B. Bhanumathi’s democratic approach to learning helped her students gain insight and confidence
It was a warm summer morning in Bengaluru. I took the metro from Malleshwaram to Jayanagar and arrived at Nrityakalamandiram, the dance school established by the renowned B. Bhanumathi. I straightened the pleats of my practice sari and held my breath as I slowly opened the squeaky wooden door.
Guru B. Bhanumathi
I saw a group of children learning dance steps in a far corner of the spacious room. Some girls in salwar-kameez were laughing and helping each other with stretches. Another cohort was busy memorising sollukattus sitting on the the red mosaic floor. If I had to describe the mood in that room, it would be one of joy of learning and the warmth of the guru. The veteran dancer-guru passed away on May 24.
Beginning her journey in dance at the age of 10, she trained under legendary gurus K.N. Dandayuthapani Pillai, Kalanidhi Narayanan and Venkatalakshamma. A shot put player in school, she was inspired by the inimitable Kamala Lakshman to puruse Bharatanatyam. Well defined movements and subtle and effective abhinaya defined Bhanumathi’s dance.
A stickler for tradition, her commitment to maintaining the authenticity of K.N. Dandayuthapani Pillai’s compositions was well-known. Unlike some of his other students who established careers in cinema, Bhanumathi, who came from a humble background, remained focussed on dance. Her journey wasn’t without challenges. In several interviews and during conversations, she indicated the struggles she faced in vadyar’s class, but she did not give up.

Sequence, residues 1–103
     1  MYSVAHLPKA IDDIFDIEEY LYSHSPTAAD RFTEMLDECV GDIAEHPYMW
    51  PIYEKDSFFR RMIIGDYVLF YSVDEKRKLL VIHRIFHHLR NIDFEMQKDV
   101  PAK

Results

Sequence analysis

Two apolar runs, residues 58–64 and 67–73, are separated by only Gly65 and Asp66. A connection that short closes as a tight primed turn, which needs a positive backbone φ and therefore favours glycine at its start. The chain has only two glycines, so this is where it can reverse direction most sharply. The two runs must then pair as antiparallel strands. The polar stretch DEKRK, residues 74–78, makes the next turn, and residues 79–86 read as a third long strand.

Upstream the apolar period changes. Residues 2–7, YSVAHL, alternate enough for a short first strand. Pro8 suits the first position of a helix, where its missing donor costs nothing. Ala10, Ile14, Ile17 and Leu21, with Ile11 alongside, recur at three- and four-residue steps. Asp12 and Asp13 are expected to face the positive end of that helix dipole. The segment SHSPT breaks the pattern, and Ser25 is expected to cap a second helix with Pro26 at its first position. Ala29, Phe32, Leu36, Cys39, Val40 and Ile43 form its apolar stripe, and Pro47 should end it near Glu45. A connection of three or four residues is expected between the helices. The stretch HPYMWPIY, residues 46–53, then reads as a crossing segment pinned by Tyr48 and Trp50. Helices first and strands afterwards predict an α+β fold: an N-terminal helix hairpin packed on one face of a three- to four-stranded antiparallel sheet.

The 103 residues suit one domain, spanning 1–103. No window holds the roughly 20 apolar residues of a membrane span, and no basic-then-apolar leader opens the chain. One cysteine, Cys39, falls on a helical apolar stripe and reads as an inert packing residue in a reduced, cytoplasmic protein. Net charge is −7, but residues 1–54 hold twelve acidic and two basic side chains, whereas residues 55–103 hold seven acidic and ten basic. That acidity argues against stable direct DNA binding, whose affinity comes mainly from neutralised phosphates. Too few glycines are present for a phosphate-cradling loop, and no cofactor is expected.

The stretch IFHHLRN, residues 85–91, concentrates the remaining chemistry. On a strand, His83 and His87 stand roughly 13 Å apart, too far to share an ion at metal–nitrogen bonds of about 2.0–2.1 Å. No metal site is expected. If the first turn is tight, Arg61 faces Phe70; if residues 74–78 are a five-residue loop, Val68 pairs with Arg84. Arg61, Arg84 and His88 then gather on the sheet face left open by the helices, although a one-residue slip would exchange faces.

Bhanumathi’s greatest contribution, however, was her ability to nurture students and pass on her craft with patience, love, precision and humility. “When she would tell us to perform at an event, we wouldn’t even ask where the performance is or who the organiser is,” says Rashmitha Nair, one of her senior students. “That was the trust we had in her. We would just show up.”
Preethi Bharadwaj recalls how the guru never stopped her from performing with other dance troupes. “She would always encourage me. She was generous and wanted her students to gain as much knowledge as they could.”
Her students also point out her endearing and fun-loving side. They remember how she once drove a car wearing a helmet since she had forgotten to remove it after a two-wheeler drive. Or how she would sometimes forget the venue of the performance.
She was part of the textbook committee on dance in Karnataka, besides contributing to help document Dandayuthapani Pillai’s legacy. One of her productions, ‘Bharatanjali’, likely her most successful group choreography, was presented across the world. She won many awards, including the Rajyotsava, Karnataka Kalashree, and Shantala Natya Sri.
As guru Bhanumathi walked into the room, there was a definite shift in energy. We students stood in parallel lines and her thattukazhi guided our invocatory item. When I went to take her blessings on my first day in class, she whispered in Tamil in my ears: “Be gentle with yourself. The strength and endurance will come.”
The author is a performer